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4 hours ago, Major Tom said:

No, a longer board generates more heeling moment as it is not a ballasted keel, if you lift your board completely up when beating the boat will skid sideways and there will be no heeling moment, the more you put the board down the more the hull wants to stay in one place and the  more the rig wants to fall over to leeward.

Thank you.  I get it now.  I'll read more tonight before I cut to length.

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  • 4 weeks later...

I didn't cut the daggerboard and went with the intended version, mostly to see what would happen.  Since I made it, it didn't matter if it needed to be cut down later or not.

All the physics at play made it too interesting for me to have to understand what was 'exactly' at play especially for a week on the lake post-Covid shut down.

Turns out the boat holds line way better than before and is quiet as silk till 5ish KN in the flat water. The boat starts to hum somewhere past that.  It didn't do it like that before as I'm sure the crude slab of a centerboard wouldn't allow for it.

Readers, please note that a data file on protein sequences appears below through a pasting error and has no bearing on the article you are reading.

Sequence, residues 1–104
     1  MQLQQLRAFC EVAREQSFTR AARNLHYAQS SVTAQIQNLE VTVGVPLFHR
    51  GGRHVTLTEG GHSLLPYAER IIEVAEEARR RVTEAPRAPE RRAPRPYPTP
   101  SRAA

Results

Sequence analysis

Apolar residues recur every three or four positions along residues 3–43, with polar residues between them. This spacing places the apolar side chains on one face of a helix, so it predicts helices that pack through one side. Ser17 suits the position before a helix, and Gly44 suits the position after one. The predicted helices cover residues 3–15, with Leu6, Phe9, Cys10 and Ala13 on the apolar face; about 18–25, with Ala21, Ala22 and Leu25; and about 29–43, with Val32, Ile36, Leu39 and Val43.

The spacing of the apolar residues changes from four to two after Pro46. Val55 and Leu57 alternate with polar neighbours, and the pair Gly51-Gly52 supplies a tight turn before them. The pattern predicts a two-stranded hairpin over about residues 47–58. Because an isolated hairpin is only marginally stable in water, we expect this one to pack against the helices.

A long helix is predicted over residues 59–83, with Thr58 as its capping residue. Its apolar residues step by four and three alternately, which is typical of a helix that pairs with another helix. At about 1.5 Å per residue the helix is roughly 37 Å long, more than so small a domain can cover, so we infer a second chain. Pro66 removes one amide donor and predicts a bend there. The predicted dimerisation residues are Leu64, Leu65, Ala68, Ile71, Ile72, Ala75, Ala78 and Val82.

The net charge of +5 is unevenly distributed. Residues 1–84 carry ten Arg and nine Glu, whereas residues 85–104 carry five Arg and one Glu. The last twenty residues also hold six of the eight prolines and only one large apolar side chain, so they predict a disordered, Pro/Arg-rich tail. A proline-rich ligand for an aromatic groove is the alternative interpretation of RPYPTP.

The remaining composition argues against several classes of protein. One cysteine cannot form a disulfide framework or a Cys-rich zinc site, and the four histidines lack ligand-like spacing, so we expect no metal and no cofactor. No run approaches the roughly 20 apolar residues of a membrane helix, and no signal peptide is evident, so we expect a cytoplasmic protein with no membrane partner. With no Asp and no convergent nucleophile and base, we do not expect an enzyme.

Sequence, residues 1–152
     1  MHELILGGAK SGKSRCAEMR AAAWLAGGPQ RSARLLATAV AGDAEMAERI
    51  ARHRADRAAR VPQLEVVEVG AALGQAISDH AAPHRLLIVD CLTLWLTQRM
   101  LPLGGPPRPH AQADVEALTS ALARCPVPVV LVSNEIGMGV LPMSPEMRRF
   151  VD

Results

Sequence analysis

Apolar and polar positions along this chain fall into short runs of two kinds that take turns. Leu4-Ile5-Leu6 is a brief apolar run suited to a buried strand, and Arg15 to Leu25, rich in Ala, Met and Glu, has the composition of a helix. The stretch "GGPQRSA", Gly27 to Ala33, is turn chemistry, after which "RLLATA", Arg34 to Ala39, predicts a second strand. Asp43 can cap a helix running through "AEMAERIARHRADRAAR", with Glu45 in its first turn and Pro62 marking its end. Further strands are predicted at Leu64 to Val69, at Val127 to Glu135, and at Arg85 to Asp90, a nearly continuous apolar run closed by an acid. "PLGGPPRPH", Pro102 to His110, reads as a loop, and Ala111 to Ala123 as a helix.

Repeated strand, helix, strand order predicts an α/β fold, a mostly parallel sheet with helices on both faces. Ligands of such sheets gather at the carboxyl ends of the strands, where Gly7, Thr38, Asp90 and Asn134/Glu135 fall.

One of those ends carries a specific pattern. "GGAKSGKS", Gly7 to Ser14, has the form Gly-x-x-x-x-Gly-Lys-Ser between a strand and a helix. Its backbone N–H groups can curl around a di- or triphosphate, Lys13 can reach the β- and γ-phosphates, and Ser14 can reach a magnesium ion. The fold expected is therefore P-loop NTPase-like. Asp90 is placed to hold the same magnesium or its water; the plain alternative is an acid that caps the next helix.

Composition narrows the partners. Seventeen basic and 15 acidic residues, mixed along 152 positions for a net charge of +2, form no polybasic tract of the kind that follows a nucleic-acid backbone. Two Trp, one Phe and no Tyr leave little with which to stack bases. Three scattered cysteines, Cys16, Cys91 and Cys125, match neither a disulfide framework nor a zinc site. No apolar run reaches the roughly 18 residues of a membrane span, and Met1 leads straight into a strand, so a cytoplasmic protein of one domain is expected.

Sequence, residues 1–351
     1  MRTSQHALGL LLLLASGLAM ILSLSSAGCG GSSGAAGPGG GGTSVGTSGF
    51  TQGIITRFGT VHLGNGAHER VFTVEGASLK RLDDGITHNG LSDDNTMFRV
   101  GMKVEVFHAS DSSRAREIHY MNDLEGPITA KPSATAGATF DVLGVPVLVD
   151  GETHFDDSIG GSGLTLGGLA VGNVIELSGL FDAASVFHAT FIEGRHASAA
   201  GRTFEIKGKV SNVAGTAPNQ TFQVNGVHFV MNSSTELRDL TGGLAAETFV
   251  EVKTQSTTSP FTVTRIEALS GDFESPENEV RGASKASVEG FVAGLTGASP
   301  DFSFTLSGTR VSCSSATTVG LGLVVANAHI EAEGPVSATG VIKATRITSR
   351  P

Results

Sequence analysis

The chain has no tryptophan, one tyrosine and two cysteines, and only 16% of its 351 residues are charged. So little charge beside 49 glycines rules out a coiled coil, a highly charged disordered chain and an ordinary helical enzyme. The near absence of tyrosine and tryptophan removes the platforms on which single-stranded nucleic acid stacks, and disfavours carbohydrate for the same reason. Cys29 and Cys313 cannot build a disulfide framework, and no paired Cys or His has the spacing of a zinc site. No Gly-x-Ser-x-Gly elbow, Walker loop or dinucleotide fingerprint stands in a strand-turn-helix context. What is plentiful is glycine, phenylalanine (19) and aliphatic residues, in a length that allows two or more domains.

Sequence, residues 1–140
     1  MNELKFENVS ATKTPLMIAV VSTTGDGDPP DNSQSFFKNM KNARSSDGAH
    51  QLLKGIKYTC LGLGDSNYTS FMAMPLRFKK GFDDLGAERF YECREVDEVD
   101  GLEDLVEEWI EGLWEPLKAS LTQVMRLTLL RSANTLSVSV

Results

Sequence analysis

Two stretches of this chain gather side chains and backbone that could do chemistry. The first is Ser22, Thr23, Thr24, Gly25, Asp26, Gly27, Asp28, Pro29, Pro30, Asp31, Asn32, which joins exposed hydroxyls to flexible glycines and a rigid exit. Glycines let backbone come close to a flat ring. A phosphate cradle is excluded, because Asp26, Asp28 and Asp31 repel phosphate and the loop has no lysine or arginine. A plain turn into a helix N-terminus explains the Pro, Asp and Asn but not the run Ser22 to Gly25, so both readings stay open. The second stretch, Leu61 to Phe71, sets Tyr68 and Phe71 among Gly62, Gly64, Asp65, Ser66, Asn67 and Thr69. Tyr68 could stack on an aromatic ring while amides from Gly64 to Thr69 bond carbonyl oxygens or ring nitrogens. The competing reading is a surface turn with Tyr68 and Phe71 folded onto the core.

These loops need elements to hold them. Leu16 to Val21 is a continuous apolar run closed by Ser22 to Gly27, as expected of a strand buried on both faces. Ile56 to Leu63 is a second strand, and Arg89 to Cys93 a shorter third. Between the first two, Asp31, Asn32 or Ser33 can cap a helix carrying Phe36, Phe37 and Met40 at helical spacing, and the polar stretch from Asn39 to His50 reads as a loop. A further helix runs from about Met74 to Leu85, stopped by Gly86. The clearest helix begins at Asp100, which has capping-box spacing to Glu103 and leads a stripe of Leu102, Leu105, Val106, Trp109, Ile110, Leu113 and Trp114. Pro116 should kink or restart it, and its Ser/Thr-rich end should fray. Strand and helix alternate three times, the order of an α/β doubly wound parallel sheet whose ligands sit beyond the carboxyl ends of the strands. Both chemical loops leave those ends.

I think I realize now what was happening when we were getting slammed over all the time or unable to hold it into the wind during gusts, other than being a poor helmsman.  When we brought the boat to heal pointing into the wind the boat would basically get pushed over or the tiller wasn't able to be precise enough to manage gusts and it would luff and we'd stop like a tonne of bricks.  I think the centerboard was loosing pressure underwater and releasing when too close to the surface.  Through the week of testing, I was able to bury the rail in the water and hold the line unlike ever before and the boat still tracked. 

The only problem now is the rig and daggerboard is likely now starting to overpower the rest of the boat as I added a tweaker to tighten the sail for point but left the car too far back and in a big gust, we ripped the entire track right off the boat.  Gladly I just moved everything 3" forward and went right back out.  Holes and all, I"ll fill them next for next summer...

SO FUN.  However, I"d love to sail a real racing dinghy more by the day.

 

Anyway, thanks for your time. 

Now I"m curious if I dig out an area at the bottom of the daggerboard and add 20lbs of lead, then CF over it.

haha.